Funding the cooperation
In 2010, 2011 and 2013 the Federal Ministry of Education and Research (BMBF) published an ideas competition in order to establish and expand innovative R&D networks with partners in the Baltic Sea countries. The aim of these funding measures was to tap into innovation potentials through international cooperation and to boost the international competitive edge of German companies and research institutions in the Baltic Sea region. It is also aimed at encouraging cooperation with Danish partners. On average, Danish institutions were involved in one out of every three projects.
Denmark is one of the world leaders in innovation, research and development, technology as well as competitiveness. The 'Innovation Union Scoreboard 2019' sees the country in third place in the EU comparison behind the neighbors from Sweden and Finland.
The 'Global Competitiveness Report 2017-2018' places Denmark in 12th position out of 137 states. According to preliminary estimates, R&D in gross domestic product (GDP) in Denmark was 3.05% in 2017 (according to EUROSTAT). This share has been stable for several years.
The RESEARCH2025 catalogue (FORSK2025), published in June 2017, groups Denmark's priority research topics into four main categories: new technological opportunities, green growth, better health, people and society. FORSK2025 aims to tackle societal challenges by addressing new technological opportunities and increasing productivity, growth and employment. This is an update of the Danish programme, a prioritisation basis for strategic R&D investment in Denmark The RESEARCH2020 catalogue was the result of an in-depth analysis of Denmark's entire research landscape, in which the Ministry of Education and Science, representatives of municipalities and regions, university and non-university researchers, economists and other stakeholders were involved.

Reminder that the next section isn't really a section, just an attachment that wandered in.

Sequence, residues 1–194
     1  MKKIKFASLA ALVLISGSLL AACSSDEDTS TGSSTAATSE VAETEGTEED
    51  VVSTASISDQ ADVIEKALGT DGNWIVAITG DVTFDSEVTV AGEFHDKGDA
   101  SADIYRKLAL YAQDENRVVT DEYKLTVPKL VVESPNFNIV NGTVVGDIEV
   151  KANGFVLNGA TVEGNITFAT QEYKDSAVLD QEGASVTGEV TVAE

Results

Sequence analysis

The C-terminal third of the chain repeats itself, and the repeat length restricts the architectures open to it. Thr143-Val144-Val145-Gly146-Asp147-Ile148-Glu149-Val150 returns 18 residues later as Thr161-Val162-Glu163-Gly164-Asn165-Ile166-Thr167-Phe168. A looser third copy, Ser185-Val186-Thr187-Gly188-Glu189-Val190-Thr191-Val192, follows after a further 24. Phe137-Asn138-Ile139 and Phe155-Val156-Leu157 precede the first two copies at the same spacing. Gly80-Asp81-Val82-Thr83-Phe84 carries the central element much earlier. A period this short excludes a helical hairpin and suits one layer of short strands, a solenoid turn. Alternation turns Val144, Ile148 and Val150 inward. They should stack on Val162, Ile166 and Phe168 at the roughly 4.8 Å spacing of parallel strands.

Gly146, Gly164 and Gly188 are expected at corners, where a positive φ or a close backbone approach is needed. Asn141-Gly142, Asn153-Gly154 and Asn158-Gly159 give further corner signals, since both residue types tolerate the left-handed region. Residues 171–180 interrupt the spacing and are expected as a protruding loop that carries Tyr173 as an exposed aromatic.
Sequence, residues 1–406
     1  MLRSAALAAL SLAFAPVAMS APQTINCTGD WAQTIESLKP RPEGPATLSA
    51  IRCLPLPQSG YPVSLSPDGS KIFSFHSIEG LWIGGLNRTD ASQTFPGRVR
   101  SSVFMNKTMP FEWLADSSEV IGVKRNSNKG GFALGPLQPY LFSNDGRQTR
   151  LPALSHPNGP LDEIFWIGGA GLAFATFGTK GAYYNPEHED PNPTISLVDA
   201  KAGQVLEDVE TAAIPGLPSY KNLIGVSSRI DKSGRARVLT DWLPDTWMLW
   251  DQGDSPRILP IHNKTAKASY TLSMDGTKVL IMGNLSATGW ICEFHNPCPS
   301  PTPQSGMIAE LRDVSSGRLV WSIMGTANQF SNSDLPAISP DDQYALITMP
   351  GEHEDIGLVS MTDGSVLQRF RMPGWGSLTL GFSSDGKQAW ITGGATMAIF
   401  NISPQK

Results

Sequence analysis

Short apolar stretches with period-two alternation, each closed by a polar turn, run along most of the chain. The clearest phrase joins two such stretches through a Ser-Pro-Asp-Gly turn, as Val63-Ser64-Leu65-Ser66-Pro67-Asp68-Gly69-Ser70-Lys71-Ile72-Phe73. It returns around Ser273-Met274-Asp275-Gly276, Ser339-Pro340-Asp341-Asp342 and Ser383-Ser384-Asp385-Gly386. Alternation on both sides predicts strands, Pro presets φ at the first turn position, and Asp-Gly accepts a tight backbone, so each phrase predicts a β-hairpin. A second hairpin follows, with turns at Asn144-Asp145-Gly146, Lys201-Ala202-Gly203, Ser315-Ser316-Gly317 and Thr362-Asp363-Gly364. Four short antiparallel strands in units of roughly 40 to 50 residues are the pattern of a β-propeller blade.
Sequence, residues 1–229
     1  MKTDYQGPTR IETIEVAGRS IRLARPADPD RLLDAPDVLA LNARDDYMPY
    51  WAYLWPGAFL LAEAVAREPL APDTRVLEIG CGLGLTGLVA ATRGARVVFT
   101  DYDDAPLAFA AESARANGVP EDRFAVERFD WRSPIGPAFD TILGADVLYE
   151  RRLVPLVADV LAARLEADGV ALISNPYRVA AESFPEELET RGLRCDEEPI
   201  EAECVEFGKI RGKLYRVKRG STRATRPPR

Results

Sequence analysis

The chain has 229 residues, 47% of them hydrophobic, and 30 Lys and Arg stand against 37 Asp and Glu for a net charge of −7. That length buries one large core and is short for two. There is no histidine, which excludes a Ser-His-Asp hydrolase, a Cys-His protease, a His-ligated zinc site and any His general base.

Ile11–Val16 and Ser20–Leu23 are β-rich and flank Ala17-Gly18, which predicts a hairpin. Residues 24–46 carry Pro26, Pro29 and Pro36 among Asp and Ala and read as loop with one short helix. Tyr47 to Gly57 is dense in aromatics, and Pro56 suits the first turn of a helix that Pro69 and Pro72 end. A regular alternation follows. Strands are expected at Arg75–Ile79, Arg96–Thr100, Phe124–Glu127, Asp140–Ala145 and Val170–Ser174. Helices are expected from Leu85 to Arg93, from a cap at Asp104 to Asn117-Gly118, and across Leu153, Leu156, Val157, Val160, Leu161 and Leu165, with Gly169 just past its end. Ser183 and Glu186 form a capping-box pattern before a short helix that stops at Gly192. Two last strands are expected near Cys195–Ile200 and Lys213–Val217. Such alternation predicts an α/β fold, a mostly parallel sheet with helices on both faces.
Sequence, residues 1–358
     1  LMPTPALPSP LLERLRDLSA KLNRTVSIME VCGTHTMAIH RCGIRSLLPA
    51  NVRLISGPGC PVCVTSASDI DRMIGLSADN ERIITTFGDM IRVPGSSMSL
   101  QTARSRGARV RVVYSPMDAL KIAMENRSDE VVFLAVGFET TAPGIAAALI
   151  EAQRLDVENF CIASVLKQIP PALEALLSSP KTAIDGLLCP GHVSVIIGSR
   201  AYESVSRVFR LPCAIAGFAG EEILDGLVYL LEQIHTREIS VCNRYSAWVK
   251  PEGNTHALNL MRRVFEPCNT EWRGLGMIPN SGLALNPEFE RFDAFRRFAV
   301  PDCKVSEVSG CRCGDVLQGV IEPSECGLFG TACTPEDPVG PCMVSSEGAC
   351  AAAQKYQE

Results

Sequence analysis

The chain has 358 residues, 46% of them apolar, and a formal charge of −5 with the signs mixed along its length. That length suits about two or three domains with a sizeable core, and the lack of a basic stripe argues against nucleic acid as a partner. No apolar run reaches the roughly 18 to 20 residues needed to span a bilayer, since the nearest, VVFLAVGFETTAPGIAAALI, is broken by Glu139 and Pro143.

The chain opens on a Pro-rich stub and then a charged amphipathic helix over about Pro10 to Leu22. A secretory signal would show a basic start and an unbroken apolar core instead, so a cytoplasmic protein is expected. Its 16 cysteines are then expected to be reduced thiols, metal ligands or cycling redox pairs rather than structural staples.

The 'Danish Innovation Fund' (DIF) was created on 1 April 2014 through a merger of the 'Danish Council for Strategic Research', the 'Danish National Advanced Technology Foundation' and the 'Danish Council for Technology and Innovation'. This represents the biggest reform of the research and innovation system in Denmark in the last two decades. The DIF is set up as an independent body within the state administration. The fund provides grants for activities within strategic research, technology development and innovation.
Since the beginning of 2012, companies in Denmark have had the opportunity to apply a negative tax on R&D expenditure, to the extent that corresponds to their losses. This gives companies an incentive to increase R&D, even if it is not a direct promotion of research and development.
Danish research focuses on sustainable energy and the environment, health and food safety, life sciences and biotechnology, geosciences, aerospace as well as information and communication technologies. An important current research and environmental policy topic is electromobility. The promotion of science, technology and innovation in Denmark is based on the pillars of institutional support, project funding and strategic research funding.
Within the BMBF's research programmes, the technical focus of research projects with Danish participation lies in the areas of climate, environment, sustainability and bioeconomy.
In the context of the EU Framework Programmes for Research and Innovation, German and Danish researchers are increasingly working together in the fields of 'secure, clean and efficient energy', 'health, demographic change and wellbeing' and 'Marie Sklodowska-Curie measures'.
Another thematic focus of German-Danish cooperation is on marine and polar research. Funding is provided, inter alia, within the framework of the for Baltic Sea Research. The BONUS Network brings together eleven organisations involved in the promotion and implementation of Baltic Sea Research to pool their research resources and coordinate their use of the infrastructure.